Globe and Mail Debate: A Recap and In-Depth Analysis

The next question, based on immigration, began with Harper being asked: “All parties agree that immigration is central to Canada’s long-term economic strategy.  What is the right balance between economic migrants and those seeking family reunification?”  Harper began by saying his government was the only one that had not decreased immigration numbers while in a recession.  He also said the immigration system should be improved.

When asked Trudeau spoke of immigration being Canada’s strength.  He said that family reunification was important because they are workers and community builders.  Mulcair said that Canada was a country based on immigrants and defended Trudeau, saying that the Conservatives had reduced family reunification.  Mulcair also spoke of the temporary workers’ program, saying it had grown out of control.  While Harper spoke about the previous Liberal government reducing immigrants, Trudeau responded that as refugees are allowed to enter “Mr. Harper takes away their health care.”  With an indirect reference to Syrian refugees saying that the true fighters were persons trying to bring families back together.  He said that Canada had to be a more welcoming country, accepting more refugees, not cutting back on security, but not using it to reduce.

Harper responded by saying that the other two (Mulcair and Trudeau) would open Canada to all without security.  Mulcair directly referred to Syria telling Harper to not use security as an excuse to delay.

After refugees leaders were faced with housing.  Trudeau was faced with “Canadians have been on a borrowing binge to buy ever more expensive homes.  What would you do to guard against a housing bubble?”

Saying that most Canadians’ financial security lies in their homes, it is necessary to ensure that as housing prices rise, incomes rise.  To do this economic growth is needed, reassuring Canadians.  Saying that most Canadians are searching for housing because they can’t find rental housing he said the Liberals would invest in the rental housing industry.  When asked about foreign ownership Trudeau said “we don’t have enough accurate data to understand what actually is happening.  And one of the reasons for that is Mr. Harper has chosen to cut the long-form census and it leaves us with less understanding”.  He said the Liberals would restore the long-form census and they would commit to working with provinces and municipalities.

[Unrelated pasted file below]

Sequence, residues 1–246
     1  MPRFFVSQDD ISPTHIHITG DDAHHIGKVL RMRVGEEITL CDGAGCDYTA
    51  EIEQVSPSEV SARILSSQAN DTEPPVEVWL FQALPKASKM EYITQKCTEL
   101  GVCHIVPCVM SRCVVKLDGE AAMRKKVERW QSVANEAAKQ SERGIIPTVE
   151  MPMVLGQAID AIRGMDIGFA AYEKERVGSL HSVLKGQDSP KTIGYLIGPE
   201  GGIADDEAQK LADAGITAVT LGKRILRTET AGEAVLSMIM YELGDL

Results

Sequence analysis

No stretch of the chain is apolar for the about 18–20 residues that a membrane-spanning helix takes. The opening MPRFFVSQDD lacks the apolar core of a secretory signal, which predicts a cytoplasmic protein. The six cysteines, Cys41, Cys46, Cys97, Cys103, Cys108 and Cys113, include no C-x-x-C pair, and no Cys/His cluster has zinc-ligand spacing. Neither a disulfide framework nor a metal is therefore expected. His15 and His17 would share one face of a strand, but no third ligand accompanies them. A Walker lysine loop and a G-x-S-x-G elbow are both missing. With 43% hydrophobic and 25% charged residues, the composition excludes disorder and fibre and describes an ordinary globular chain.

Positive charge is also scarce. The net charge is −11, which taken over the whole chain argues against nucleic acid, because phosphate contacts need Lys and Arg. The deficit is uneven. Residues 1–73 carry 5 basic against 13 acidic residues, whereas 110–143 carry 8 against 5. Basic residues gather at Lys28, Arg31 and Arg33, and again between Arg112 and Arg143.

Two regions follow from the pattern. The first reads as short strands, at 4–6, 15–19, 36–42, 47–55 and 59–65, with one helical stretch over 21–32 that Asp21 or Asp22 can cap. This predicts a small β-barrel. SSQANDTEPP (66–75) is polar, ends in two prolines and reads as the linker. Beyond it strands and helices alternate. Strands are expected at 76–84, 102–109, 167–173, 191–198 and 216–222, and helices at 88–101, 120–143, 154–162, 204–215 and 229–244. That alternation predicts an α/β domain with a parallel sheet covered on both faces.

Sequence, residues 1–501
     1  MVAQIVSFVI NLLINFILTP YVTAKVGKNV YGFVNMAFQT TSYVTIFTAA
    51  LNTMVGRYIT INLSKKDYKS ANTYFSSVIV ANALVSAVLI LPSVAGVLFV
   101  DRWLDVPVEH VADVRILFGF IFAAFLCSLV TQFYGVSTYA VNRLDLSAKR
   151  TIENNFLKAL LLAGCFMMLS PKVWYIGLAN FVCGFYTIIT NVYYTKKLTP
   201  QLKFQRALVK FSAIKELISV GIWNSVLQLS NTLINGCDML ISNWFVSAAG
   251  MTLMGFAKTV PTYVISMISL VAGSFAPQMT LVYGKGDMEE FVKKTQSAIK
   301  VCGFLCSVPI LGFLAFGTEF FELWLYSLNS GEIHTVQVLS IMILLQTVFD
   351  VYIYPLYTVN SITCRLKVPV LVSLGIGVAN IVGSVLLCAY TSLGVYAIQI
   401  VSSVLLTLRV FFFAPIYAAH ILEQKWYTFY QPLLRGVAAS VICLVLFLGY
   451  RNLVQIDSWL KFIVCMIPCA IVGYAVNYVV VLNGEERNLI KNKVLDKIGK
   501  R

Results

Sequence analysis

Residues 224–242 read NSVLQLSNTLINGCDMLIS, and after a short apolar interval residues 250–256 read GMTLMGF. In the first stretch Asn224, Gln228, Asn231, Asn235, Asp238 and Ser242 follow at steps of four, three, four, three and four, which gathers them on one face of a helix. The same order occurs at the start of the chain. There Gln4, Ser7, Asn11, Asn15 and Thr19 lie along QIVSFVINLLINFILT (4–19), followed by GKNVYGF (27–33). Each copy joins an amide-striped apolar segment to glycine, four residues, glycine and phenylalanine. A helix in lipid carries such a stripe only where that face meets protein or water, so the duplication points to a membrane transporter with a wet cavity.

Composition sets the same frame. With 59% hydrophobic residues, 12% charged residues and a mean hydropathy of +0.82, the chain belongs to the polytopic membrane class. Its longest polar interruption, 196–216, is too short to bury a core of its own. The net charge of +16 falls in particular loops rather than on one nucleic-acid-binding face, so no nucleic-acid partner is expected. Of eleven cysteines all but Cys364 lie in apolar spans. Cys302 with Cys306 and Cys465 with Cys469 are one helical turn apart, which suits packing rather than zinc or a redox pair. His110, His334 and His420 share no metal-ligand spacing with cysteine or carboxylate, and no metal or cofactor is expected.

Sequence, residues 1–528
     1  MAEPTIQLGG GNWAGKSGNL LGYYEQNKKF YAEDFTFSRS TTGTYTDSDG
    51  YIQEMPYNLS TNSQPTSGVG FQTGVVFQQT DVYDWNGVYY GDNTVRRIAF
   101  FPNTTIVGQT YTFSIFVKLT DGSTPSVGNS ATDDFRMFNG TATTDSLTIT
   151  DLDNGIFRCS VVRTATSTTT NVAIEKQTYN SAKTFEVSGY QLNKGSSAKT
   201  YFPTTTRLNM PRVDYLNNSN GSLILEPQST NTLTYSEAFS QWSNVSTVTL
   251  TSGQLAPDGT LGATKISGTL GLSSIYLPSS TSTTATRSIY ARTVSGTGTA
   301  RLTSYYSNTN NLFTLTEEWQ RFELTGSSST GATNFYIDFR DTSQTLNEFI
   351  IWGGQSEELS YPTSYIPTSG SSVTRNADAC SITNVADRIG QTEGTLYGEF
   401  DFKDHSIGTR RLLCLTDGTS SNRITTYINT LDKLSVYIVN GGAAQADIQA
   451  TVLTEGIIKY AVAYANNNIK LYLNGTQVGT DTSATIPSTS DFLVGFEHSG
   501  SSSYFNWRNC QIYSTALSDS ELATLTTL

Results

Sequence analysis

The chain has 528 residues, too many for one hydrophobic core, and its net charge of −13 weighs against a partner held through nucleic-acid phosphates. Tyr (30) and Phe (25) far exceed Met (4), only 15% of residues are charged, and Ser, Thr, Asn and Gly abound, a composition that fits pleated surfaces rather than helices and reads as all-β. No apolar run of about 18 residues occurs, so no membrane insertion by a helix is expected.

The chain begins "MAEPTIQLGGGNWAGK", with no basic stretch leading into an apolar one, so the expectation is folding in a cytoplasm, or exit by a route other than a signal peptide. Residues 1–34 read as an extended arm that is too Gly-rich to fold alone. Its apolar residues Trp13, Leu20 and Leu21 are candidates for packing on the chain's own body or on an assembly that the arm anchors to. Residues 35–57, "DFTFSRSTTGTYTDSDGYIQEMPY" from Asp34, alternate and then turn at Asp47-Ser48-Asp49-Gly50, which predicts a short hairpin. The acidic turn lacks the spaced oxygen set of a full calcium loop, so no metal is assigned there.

In response Mulcair referred to the previous Liberal government’s cut to the national housing strategy.  He then turned the topic to the NDP plan of affordable child care.  He also spoke you young Canadians today having the largest student debt.  Together with a federal minimum wage of $15/hour, Mulcair used this to help give Canadians more money in their pockets.

When asked for his statement Harper said global financial crisis have been based on housing industry crashes.  In turn he said with low interest rates and concrete job prospects “we should celebrate” and think about how this could be protected.  Referring to more opportunities to save – double in the TFSA – he said tax increases were not necessary

Mulcair responded by promoting the NDP childcare plan while attacking Harper’s defense of the current housing market.  Saying childcare and the federal minimum wage would put more money in Canadians’ pockets.  Trudeau rebutted, saying the federal minimum wage would give false hope to Canadians in places like coffee shop currently earning minimum wage, effecting 99% of Canadians earning minimum wage.

When asked Harper said the Conservatives were bringing in a home renovation plan and a home buyers plan adding present measures such as the increase in the Universal Childcare Benefit (UCCB).  Trudeau said both Mulcair and Harper would continue to send the UCCB to the upper-class.